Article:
Shotgun draped across his arm, dog at his side and a trap for ferrets in his hand, he is a behemoth (his belt buckle must weigh about ten pounds), who speaks in the sonorous

manner of the supremely confident. It's a beautiful day and he's in good spirits. Stag footed, with knockabout camaraderie, today he's looking forward to another year and the end of winter - declared when Hamish, one of the island farmers, shaves the insulation from his chin.

''With livestock farming,'' explains Rob, ''there are periods of intense activity in the summer time, spring time with lambing and sowing crops. The middle of the summer is not too bad with shearing, then not much happens until harvesting in August, apart from maybe fencing. At the moment we're just ticking over through winter.

''Romayne was brought up on a farm, although her parents were not actively managing it. I'd got some experience and I suppose just being brought up in the country gave me an understanding. Friends and other farmers have been very generous with their advice. Although foot and mouth complicated our first year with stock I've had a lot of balanced advice, but ultimately you're left with the

decision yourself which makes it interesting.''

After spending an ungodly amount of time in the bar (me, not Rob) we are shooting

rabbits. Actually, Rob's doing the shooting and I'm doing the spotting which basically entails looking around the hills for a subterranean tenant that one of his ferrets has chased out of a hole and shouting on him to shoot it. To my horror, I quickly discover, rabbit hunting is infectious; mud, death and all. The Cambridge graduate and former Scottish international rugby captain, who served in the Royal Army Medical Corps as a doctor, is a touch wary.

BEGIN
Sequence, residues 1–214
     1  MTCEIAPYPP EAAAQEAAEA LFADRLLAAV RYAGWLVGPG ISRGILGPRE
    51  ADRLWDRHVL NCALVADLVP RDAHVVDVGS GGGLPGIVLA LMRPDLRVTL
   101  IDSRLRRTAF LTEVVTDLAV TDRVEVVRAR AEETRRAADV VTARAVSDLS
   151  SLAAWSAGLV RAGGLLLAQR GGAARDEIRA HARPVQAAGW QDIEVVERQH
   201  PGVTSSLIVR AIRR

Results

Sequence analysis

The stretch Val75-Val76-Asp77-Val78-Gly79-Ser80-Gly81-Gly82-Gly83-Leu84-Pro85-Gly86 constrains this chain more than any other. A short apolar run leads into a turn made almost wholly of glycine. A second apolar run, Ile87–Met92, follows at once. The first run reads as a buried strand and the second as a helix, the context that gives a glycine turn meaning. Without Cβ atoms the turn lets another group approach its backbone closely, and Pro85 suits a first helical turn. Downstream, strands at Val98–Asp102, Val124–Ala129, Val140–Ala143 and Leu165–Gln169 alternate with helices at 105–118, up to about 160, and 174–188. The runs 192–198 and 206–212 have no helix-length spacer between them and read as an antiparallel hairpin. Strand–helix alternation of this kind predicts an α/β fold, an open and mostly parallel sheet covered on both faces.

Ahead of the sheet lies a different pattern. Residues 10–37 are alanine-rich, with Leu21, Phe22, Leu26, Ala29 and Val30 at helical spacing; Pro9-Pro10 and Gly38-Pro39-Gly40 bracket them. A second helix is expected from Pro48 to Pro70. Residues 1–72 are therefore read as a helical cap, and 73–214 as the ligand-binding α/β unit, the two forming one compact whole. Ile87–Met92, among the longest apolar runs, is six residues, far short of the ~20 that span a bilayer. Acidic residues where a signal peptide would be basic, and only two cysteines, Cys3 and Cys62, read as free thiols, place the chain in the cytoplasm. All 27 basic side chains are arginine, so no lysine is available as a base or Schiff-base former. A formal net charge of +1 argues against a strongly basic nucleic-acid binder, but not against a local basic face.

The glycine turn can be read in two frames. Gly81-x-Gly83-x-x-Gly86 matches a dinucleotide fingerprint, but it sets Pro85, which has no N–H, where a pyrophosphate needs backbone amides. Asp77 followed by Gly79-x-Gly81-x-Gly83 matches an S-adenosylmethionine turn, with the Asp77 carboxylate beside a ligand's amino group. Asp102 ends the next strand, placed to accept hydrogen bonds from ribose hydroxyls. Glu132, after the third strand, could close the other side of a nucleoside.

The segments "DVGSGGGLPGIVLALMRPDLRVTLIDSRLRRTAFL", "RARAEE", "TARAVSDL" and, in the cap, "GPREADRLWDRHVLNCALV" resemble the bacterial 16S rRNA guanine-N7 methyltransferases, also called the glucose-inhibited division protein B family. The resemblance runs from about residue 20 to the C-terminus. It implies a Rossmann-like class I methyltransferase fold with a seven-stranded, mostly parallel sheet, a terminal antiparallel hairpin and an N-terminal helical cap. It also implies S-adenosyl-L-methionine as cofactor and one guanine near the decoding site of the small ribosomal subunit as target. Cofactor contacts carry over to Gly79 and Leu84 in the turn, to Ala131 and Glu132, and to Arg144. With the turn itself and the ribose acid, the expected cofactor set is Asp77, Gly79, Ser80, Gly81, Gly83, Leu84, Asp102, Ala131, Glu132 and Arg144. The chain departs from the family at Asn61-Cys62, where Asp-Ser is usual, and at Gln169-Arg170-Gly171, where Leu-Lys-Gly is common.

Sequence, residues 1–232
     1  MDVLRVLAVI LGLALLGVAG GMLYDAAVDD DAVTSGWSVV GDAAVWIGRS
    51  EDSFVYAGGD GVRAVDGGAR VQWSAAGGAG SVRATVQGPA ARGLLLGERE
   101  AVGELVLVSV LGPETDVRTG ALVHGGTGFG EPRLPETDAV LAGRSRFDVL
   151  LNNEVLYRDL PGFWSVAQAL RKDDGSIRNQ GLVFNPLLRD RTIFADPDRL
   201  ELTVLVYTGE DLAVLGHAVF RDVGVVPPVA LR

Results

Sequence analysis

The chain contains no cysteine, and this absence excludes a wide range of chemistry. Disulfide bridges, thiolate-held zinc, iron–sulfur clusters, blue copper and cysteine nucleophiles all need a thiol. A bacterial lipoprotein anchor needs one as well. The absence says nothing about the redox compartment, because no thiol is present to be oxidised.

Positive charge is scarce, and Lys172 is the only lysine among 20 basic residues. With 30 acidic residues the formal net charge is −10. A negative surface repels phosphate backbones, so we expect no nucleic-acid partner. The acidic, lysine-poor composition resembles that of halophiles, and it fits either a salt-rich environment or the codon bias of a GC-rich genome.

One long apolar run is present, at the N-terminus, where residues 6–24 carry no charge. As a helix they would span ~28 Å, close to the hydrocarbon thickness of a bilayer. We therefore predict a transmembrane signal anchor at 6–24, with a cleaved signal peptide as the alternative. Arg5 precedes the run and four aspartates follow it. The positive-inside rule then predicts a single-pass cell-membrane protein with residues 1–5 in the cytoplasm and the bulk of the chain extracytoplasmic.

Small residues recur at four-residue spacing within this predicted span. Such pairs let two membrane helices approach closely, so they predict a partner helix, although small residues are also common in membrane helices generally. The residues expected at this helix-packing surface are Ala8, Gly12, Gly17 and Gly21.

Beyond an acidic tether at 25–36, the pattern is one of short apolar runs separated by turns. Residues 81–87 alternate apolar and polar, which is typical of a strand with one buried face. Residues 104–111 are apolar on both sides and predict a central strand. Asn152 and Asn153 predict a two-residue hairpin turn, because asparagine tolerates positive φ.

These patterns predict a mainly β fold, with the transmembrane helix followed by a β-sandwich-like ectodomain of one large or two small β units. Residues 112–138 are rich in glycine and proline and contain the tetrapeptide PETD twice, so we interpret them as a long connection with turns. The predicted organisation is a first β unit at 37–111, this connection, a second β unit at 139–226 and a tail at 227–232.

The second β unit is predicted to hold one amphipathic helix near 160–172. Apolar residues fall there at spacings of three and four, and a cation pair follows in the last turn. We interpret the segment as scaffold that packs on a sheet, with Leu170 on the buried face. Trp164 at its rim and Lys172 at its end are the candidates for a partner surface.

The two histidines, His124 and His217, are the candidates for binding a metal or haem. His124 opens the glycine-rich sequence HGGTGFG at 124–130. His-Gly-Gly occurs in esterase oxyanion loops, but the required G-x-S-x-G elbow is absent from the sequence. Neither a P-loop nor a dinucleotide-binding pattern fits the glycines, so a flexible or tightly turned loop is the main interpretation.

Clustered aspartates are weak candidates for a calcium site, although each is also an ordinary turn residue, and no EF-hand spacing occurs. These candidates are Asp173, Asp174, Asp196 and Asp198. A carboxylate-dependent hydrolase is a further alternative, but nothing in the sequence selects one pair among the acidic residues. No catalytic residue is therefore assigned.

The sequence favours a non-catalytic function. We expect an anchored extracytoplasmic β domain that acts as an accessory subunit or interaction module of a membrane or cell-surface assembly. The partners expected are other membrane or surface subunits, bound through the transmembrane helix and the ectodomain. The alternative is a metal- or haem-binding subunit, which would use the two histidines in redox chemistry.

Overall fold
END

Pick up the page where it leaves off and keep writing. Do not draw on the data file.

''I've been blasted for saying I enjoyed

ferreting,'' he says, with mild incomprehension, ''which is true, but it's not purposeless killing. Coll has no natural predator and if they weren't shot then their numbers would get out of control. When it comes to rural

practices there is a tendency among the

public, and various government and scientific bodies, to cry out against bad practice when they don't fully understand what constitutes good practice. Management of the countryside is a question of balance. If any element becomes too dominant, it's necessary to intervene to help restore that balance.''

Initially, the couple's plans had been to form a sporting club based on the estate offering

all-year-round fishing, shooting and falconry, with comfortable traditional accommodation. But the opportunities that farming the land presented were so much more that they have shelved these intentions for at least another year or two. An architect has designed the plans for the house and they are awaiting

planning permission, which will turn the main part of the building into a modern Highland retreat.

''I don't think this place could be run as a sporting estate,'' says Rob, gingerly, ''unless it was run as a farm. Farming in Scotland generally is fairly subsidy based. We came into farming at a time when various schemes were put in place to encourage us. As a newcomer with no baggage as such we looked at it with a profit-and-loss business sense and decided we would take the incentives that the government were offering, particularly as many of the things they were encouraging us to do we wanted to do anyway, with regard to wildlife and wild game on the estate. We've gone into environmental schemes, organic farming, with various mainstream grants or subsidy on livestock.''

A few hours later and I've almost learned